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Safety and quality aspects of IVF - neonatal and maternal outcomes following advanced techniques

Doktorsavhandling
Författare Erica Ginström Ernstad
Datum för examination 2020-05-08
ISBN 978-91-7833-783-5
Förlag Göteborgs universitet
Publiceringsår 2020
Publicerad vid Institutionen för kliniska vetenskaper, Avdelningen för obstetrik och gynekologi
Språk en
Länkar hdl.handle.net/2077/63272
Ämnesord blastocyst transfer, frozen embryo transfer, vitrification, preimplantation genetic testing, neonatal outcome, maternal outcome
Ämneskategorier Obstetrik och gynekologi

Sammanfattning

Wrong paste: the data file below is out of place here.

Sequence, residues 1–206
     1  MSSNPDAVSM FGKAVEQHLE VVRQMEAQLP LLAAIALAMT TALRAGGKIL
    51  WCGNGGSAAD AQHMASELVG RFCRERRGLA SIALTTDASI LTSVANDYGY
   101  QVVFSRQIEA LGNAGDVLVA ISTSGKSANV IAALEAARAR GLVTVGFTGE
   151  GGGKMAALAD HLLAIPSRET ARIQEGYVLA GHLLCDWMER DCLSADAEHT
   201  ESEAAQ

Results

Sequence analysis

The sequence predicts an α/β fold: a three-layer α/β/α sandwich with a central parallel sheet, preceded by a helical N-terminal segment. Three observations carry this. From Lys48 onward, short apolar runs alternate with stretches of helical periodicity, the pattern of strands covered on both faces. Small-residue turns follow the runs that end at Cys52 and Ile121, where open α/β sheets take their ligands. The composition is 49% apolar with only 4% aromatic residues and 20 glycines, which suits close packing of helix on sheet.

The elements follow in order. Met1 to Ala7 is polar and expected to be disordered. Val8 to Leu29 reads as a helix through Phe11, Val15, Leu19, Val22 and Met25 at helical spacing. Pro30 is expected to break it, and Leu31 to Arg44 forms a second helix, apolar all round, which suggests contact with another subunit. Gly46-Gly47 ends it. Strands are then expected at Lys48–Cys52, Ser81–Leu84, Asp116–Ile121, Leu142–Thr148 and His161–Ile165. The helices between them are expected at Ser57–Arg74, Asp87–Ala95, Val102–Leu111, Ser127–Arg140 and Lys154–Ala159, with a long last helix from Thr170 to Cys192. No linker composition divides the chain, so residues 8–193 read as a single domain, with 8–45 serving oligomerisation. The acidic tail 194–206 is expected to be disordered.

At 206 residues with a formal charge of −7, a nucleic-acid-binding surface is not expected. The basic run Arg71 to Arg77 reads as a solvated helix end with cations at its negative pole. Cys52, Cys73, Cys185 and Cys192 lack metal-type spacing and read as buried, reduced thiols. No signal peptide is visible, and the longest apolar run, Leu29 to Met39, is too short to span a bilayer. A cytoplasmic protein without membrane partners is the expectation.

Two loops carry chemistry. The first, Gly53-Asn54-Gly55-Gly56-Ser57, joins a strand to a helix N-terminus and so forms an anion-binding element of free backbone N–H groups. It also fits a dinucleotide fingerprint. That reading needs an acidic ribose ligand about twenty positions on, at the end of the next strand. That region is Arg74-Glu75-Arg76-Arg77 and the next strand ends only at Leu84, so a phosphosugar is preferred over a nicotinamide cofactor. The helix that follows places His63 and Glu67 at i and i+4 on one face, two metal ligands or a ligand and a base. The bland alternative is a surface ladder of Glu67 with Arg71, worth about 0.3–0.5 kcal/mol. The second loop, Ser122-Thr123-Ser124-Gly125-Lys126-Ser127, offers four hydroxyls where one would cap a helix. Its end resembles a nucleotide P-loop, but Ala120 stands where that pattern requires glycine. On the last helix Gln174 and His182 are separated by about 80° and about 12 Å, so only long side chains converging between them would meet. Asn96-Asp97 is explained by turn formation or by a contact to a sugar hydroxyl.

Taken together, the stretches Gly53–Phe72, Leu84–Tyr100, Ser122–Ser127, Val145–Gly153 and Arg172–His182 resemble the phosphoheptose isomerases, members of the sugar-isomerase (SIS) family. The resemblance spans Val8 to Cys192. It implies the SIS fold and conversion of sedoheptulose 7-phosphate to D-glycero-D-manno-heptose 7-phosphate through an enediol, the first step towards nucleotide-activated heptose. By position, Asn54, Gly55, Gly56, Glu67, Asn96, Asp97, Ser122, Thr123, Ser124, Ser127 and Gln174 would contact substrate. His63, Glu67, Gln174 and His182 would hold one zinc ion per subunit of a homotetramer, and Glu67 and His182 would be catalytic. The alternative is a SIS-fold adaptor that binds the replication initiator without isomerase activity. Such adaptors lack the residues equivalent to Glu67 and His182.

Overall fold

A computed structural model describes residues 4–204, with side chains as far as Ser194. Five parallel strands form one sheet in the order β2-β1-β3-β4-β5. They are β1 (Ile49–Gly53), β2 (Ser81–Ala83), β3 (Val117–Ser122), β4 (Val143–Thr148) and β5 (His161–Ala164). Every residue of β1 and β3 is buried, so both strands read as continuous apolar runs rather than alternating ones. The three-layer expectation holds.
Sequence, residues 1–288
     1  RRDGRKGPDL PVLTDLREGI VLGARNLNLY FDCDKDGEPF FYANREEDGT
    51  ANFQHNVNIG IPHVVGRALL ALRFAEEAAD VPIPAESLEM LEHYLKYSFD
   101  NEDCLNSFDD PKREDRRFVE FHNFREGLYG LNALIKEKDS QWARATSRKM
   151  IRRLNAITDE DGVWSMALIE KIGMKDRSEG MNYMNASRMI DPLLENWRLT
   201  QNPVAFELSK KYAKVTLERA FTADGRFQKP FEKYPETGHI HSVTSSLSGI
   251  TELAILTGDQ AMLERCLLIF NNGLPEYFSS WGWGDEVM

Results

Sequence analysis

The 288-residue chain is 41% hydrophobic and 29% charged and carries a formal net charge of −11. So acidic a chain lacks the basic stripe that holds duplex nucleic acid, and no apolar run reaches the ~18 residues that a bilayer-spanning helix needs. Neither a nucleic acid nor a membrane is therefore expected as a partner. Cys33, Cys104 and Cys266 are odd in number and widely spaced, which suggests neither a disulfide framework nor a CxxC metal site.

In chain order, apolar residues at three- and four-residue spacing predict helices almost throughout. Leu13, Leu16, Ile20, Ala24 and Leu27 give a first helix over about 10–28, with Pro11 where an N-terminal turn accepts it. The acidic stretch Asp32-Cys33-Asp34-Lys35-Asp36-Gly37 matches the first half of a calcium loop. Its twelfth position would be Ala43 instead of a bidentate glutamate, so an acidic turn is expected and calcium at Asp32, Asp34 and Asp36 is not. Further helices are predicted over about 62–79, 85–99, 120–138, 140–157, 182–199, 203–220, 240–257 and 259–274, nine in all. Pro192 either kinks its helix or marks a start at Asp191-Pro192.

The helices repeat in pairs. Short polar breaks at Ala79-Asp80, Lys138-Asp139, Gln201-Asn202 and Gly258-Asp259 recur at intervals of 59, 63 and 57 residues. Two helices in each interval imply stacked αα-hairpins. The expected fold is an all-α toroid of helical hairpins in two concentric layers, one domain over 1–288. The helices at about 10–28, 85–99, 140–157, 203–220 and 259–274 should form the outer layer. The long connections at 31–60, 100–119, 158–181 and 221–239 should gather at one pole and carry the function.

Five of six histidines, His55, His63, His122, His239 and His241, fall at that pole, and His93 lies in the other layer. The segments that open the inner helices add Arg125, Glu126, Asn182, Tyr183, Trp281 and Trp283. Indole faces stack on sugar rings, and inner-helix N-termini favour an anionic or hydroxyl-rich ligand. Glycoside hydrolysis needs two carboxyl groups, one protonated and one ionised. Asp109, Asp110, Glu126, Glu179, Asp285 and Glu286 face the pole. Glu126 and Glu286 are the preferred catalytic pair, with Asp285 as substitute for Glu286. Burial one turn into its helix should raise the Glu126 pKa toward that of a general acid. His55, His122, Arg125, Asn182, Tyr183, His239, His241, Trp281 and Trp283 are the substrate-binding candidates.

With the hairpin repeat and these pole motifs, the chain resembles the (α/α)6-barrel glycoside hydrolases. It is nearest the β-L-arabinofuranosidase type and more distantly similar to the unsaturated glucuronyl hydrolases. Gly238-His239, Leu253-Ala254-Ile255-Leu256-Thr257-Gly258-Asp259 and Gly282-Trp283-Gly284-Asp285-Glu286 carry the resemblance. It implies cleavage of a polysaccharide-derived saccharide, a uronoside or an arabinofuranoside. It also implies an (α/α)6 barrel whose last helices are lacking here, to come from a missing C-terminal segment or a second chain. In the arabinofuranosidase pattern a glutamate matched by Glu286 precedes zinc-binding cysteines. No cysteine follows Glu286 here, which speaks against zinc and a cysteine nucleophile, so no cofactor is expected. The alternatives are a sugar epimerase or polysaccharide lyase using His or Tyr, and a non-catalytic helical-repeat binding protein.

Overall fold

Background: Singletons born following assisted reproductive technology (ART) have adverse neonatal outcome compared to singletons born following spontaneous conception (SC). Moreover, the women undergoing ART are at an increased risk of hypertensive disorders in pregnancy (HDP) and placental complications. Aim: To study the neonatal and maternal outcomes following the introduction of advanced techniques in ART. Material and methods: All papers were population-based register studies in Sweden with cross linkage of the national ART registers and national health data registers. In paper III also Danish register data were included. Paper I Singletons born after blastocyst transfer (n=4819), singletons born after cleavage stage transfer (n=25,747) and singletons born after SC (n=1,196,394) were included. The main outcome was birth defects. Moreover, other neonatal and maternal outcomes were assessed. Paper II Neonatal and maternal outcomes in different cycle regimens in frozen embryo transfer (FET) (n=6297 in natural cycles, n=1983 in stimulated cycles, n=1446 in programmed cycles) were studied. FET was also compared to fresh embryo transfer and to SC. The primary outcomes were preterm birth (PTB, <37 weeks), low birth weight (LBW, <2500 grams), HDP and postpartum hemorrhage (PPH, >1000 mL). Paper III Singleton pregnancies following transfer of vitrified blastocysts (n=3650) were compared to singleton pregnancies following slow-frozen cleavage stage transfer (n=8123) and fresh blastocyst transfer (n=4469). Main outcomes were PTB, LBW, macrosomia, HDP and PPH. Paper IV Singletons born following preimplantation genetic testing (PGT) (n=267) were compared to singletons born following in vitro fertilization (IVF)/intracytoplasmic sperm injection (ICSI) (n=55,355) and to SC (n=26,535). Main outcomes were PTB and LBW. Moreover, maternal outcomes and early childhood outcome were assessed. Results: Paper I No difference in the rate of birth defects were observed between the groups. However, there was an increased risk of placenta previa and placental abruption following blastocyst transfer compared to transfer of cleavage stage embryos and SC. Paper II Programmed cycles were associated with a higher risk of HDP (adjusted odds ratio [AOR] 1.6-1.8), PPH (AOR 2.6-2.9), post term birth (AOR 1.6-2.0) and macrosomia (≥4500 grams) (AOR 1.4-1.6) compared to other cycle regimens. The rates of PTB and LBW were similar independently of cycle regimen. Paper III Transfer of vitrified blastocysts was associated with a higher risk of PTB (AOR 1.3). No other differences were found. Paper IV For PGT singletons no differences in PTB and LBW were observed in comparison to other IVF/ICSI singletons yet higher rates compared to SC. The early childhood outcomes were reassuring but should be interpreted cautiously due to few cases and short follow-up time. Conclusion: Blastocyst transfer is associated with a higher risk of placenta previa and placental abruption compared to cleavage stage transfer. Programmed cycles were associated with higher risks of HDP and PPH compared to other cycle regimens. The freezing technique or the embryo biopsy used for PGT do not seem to alter the neonatal and maternal outcomes. Keywords: blastocyst transfer, frozen embryo transfer, vitrification, preimplantation genetic testing, neonatal outcome, maternal outcome

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